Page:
On October 28, 1846, the Old Believer Church was joined by the Bosno-Sarajevo metropolitan, Ambrose.
The acquisition of a bishop by the Old Believers was an astounding event for the synod and the Russian government. It suddenly changed the picture of religious life in Russia and around the established Old Orthodox hierarchy. Immediately around metropolitan Ambrose’s character, unfortunately, arose a lot of fabrications and slander.
Much has been written and spoken about metropolitan Ambrose. Considerable attention was paid to his character by the well-known writer, P. I. Melnikov (known under the pseudonym Andrei Pechersky), who served as an official of the Ministry of Internal Affairs and was in charge of the affairs of the split.
In his reports to the minister, he acknowledged that “all the information about Ambrose’s character and about how he was procured by the schismatics, the information available in the ministries’ cases and those printed in different magazines and individual books, are completely false” and that metropolitan Ambrose is “a highly remarkable person – not a fool, not a swindler, not a traitor, as the writers in his native country portray him as.” He further adds that, “these lords consider that if anyone is a schismatic, then he already must be a miscreant.”
The most prominent “schismologist” of the last century, the irreconcilable adversary of the Old Believers, Professor N. I. Subbotin researched metropolitan Ambrose joining the Old Believer Church and the characterization of his personality, and had to give him recognition for his high dignity as a person and bishop.
He was truly a holy man, a saint of God, a righteous man, a confessor, a kind archpastor and hierarch of the Church of Christ.
Ambrose, named Andrew at baptism, was Greek and was born in 1791 in a small village called Maistra. The village, five kilometers from the city of Enos, was then a part of the Ottoman empire and is now located in Bulgaria.
His father, George Popovich, was a priest in the Greek Church. Twenty one generations of the Popovichs were priests and he began to prepare his son Andrew in childhood for spiritual service. Andrew entered a theological school, where he attended a course of theological sciences.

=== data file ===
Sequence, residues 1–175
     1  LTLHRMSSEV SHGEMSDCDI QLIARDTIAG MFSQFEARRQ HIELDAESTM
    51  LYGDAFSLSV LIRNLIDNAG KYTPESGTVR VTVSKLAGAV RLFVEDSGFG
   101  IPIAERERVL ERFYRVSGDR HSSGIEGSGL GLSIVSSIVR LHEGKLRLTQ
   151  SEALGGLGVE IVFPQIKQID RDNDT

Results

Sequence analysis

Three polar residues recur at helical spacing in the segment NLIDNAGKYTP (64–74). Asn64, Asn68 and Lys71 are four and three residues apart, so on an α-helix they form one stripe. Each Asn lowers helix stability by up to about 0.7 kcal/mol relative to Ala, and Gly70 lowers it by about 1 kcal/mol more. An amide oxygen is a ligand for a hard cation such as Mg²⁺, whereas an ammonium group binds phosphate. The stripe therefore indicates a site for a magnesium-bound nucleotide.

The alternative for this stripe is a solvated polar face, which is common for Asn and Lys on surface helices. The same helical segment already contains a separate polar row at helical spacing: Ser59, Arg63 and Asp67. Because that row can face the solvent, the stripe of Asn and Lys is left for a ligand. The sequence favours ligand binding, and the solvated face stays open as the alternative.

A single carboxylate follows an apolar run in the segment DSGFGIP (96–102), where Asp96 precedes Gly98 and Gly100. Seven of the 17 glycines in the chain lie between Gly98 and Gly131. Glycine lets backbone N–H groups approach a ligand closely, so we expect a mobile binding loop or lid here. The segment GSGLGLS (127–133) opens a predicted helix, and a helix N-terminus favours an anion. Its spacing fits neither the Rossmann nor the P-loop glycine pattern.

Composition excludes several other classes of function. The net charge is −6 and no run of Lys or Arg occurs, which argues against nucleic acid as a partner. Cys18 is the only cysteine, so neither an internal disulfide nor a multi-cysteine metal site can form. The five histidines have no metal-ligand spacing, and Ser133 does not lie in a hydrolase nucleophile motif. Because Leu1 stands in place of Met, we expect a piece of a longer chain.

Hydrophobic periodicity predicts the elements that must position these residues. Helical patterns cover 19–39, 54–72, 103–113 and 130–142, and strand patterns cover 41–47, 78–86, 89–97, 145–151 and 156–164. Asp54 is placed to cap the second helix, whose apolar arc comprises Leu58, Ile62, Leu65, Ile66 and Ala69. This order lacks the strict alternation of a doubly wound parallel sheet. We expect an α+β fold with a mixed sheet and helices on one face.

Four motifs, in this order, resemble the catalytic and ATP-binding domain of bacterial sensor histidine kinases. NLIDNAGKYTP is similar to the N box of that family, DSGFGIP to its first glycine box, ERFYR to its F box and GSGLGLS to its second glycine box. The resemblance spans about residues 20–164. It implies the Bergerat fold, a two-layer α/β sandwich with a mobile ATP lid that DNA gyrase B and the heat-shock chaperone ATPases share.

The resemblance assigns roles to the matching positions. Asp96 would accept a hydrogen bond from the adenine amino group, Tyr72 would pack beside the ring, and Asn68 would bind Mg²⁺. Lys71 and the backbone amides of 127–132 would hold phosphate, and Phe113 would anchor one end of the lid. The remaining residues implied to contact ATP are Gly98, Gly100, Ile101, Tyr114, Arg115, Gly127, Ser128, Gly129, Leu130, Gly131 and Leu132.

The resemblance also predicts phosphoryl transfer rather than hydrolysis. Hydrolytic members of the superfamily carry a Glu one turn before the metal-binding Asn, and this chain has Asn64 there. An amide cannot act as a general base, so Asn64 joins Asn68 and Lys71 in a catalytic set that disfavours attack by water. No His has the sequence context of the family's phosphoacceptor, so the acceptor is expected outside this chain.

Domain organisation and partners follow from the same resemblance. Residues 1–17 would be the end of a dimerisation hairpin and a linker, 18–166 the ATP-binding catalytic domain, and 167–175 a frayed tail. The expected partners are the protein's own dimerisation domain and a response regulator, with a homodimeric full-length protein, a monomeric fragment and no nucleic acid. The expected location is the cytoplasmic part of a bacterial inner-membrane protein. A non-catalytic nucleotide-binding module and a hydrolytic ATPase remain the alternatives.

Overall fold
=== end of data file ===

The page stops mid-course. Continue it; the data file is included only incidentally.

In 1811, he married and was soon ordained a priest. He lived with his wife for only three years before she died in 1814, leaving her husband and their son, George. Three years after the death of his wife, Andrew took monastic vows and received the name of Ambrose. One of the metropolitans of the Greek Church, Matthew, took him under his wing and in 1823, he was appointed rector of the Trinity Monastery on the island of Halki, located among the famous Princes’ Islands in the north-eastern part of the Sea of Marmara.
At that time, the patriarchal throne in Constantinople was occupied by the patriarch Constantine, who drew attention to the abbot of the Trinity Monastery and appointed him as the protosyncellus (the principal deputy of the bishop of a diocese for the purpose of administrative authority in an Orthodox church) of the Church of Constantinople. Professor Subbotin writes, “Here, Ambrose already stood on the direct road to receiving the episcopal order.”
Indeed, he soon occupied the chair of metropolitan Bosno-Sarajevo. As is written in Ambrose’s letter missive, “The Patriarchal Synod preferred him to all other candidates as worthy of perceiving the episcopal presidency and the crosier (pastoral staff) of the holy metropolitan Bosansky.” Metropolitan Ambrose was ordained by patriarch Gregory of Constantinople and with the service of four archpriests.
In his new position, metropolitan Ambrose was destined to endure a series of trials and oppression.
Bosnia was ruled then by the Ottoman Empire who callously plundered the Slavic people. Ordinarily, the Greek hierarchs met with the Turkish authorities and at the same time oppressed the people with them. “But metropolitan Ambrose,” testifies professor Subbotin, “was an exception among the Bosnian bishop-phanariots. A kind man by nature, he could not look at the plight of the people indifferently. He took his own side and, where possible, tried to ease the people’s needs”.
This was such an extraordinary phenomenon, so contradictory to the notion the people had developed of the Greek bishops that the people did not recognize him, Ambrose, for a Greek and a rumor spread widely that he was a natural Slav, namely a Bulgarian. Recorded in one Bosnian chronicle were these wonderful words about Ambrose: “This bishop was a holy man and he cared very much for the poor. He was a Bulgarian who he was not at all greedy for money and he only wished that the people had peace and to not suffer from wrongdoings against them” (N. I. Subbotin, “The History of the Belokrinitsky Hierarchy”, Moscow, 1874, p. 365).
Such a metropolitan was unwanted by the Turkish government. At the request of the authorities, on September 12, 1840, the patriarch Anfim II, fearing losing his patriarchal throne, ordered to recall metropolitan Ambrose from Sarajevo to Constantinople. With sorrow and with tears, Ambrose and his flock parted.
The Russian envoy in Constantinople, Titov, later asked the patriarch Anfim: why was Ambrose removed from the Bosnian chair? The Patriarch replied that he had recalled him from the Bosno-Sarajevo position, only to “yield to the persistent request of the Turkish authorities of Bosnia, from whom many slanders on Ambrose were put upon”.